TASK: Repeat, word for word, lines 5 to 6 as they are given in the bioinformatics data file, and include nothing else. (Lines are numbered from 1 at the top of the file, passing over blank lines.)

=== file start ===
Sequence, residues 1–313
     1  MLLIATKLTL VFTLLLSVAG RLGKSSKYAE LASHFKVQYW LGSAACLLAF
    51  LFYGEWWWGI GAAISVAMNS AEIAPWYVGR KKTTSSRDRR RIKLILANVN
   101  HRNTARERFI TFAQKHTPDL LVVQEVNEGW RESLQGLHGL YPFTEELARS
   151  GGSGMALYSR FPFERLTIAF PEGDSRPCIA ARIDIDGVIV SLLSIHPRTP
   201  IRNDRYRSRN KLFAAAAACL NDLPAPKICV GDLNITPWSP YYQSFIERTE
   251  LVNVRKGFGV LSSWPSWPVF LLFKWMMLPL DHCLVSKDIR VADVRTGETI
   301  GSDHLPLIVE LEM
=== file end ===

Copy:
   151  GGSGMALYSR FPFERLTIAF PEGDSRPCIA ARIDIDGVIV SLLSIHPRTP
   201  IRNDRYRSRN KLFAAAAACL NDLPAPKICV GDLNITPWSP YYQSFIERTE